The story of how economic development should be conducted has been rewritten more times than a failed Hollywood movie script. However, in these times of sector consolidation, climate change, robotics and AI, and other challenges, still another reinterpretation is needed to stave off obsolescence of place.
One way of approaching multiple challenges to local economies is to attempt to anticipate them analytically and then plan accordingly, and there are consultants who promise to be able to help with this. Once multiple potential disruptions are introduced, however, attempting to model all their interactions can quickly overwhelm both analytical designs and the possibility of extracting meaningful output from any such model – if it were to be launched, however inadvisably.
Less aggressive, more traditional modeling can nevertheless add to the foundation for meaningful deliberation of potential disruptions in light of the current local-to-worldwide economy, and for devising appropriate strategic responses. Stakeholders can also consider applying the Scenario Planning concept to structure and analyze multiple plausible versions of a future. One aspect of this framework  is to explicitly acknowledge that there can still be appropriate preparations for addressing even an unpredictable future (perhaps unmodelable future as well, at least in some ultimate form).
Beyond these kinds of approaches, the presence of a generally disruptive development environment suggests the following strategic directions, focused on readiness of the community and its workforce:
Taking steps to help ensure the community overall looks and functions as well as possible, while establishing and maintaining resiliency in infrastructure, services, and budget.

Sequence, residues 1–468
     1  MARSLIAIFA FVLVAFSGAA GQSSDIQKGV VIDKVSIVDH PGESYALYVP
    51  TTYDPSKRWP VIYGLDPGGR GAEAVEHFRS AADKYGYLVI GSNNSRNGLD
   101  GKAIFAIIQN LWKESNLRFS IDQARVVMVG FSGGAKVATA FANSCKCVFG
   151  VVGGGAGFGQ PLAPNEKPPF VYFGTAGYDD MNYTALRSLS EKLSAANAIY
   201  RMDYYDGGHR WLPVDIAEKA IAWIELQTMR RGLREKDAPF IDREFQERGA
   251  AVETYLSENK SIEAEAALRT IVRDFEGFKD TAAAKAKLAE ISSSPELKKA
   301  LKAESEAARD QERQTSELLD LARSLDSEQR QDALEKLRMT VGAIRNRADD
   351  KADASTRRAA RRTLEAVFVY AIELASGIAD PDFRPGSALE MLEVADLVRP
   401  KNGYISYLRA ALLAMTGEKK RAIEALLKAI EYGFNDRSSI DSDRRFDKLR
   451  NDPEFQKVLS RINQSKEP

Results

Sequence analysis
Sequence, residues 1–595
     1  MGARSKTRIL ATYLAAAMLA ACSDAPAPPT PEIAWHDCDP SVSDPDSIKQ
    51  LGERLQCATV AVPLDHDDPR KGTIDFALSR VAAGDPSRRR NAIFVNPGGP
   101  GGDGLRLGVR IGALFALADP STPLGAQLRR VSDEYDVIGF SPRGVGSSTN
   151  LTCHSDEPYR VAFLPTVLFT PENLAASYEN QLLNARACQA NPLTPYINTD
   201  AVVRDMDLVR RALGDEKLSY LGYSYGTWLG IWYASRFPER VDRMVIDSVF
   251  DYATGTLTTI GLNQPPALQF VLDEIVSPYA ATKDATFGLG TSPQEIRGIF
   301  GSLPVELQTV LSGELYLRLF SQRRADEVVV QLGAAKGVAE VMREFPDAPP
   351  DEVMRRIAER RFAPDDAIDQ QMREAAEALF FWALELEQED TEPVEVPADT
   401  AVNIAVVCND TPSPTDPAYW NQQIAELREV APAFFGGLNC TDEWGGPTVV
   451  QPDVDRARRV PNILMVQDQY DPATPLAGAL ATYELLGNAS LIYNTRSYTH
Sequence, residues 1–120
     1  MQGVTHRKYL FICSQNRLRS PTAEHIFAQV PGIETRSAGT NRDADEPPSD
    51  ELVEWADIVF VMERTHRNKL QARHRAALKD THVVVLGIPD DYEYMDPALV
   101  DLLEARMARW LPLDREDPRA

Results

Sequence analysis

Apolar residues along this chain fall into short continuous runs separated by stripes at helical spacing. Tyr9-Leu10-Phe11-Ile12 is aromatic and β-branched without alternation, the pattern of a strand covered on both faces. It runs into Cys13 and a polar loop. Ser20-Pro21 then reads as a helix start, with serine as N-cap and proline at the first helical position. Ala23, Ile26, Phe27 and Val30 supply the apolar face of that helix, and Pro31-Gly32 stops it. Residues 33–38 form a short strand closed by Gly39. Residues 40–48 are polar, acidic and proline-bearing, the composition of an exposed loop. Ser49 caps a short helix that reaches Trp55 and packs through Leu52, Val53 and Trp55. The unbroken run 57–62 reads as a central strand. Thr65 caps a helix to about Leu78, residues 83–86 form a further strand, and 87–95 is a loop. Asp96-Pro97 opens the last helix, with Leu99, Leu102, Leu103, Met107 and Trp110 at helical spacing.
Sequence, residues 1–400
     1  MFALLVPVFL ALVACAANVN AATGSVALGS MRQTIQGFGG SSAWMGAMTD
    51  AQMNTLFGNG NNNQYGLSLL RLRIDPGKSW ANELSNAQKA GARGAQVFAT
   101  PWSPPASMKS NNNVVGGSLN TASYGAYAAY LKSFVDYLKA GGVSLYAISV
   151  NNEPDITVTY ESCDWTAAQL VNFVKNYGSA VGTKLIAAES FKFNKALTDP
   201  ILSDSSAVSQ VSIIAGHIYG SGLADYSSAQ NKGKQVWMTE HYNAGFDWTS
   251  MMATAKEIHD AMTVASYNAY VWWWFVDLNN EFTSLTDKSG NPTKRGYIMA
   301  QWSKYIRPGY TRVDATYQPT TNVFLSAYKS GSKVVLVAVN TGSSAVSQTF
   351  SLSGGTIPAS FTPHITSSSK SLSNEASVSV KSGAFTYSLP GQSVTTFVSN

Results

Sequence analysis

Orienting policy makers to the possibility that “experiments” in using surpluses for infrastructure, for social safety nets in the face of mass layoffs due to automation, and for repurposing economic assets may be desirable locally, or, more likely, imposed from above out of necessity. Communities may find themselves judged on their attractiveness based on how they have responded to these kinds of programmatic pressures.
Ensuring that education and workforce training resources are robust as well as flexible, and where possible students/trainees learn also to be creative problem-solvers and otherwise prep themselves to anticipate changing skill requirements, economic sector focus, and the like.
Finally, local economic developers will benefit from renewed commitment to ongoing self-retraining to stay abreast of emerging and evolving economic trends of the types mentioned herein. While our scholarship on the subject is by no means exhaustive, readers are welcome to discuss this topic with us through our usual contact channels.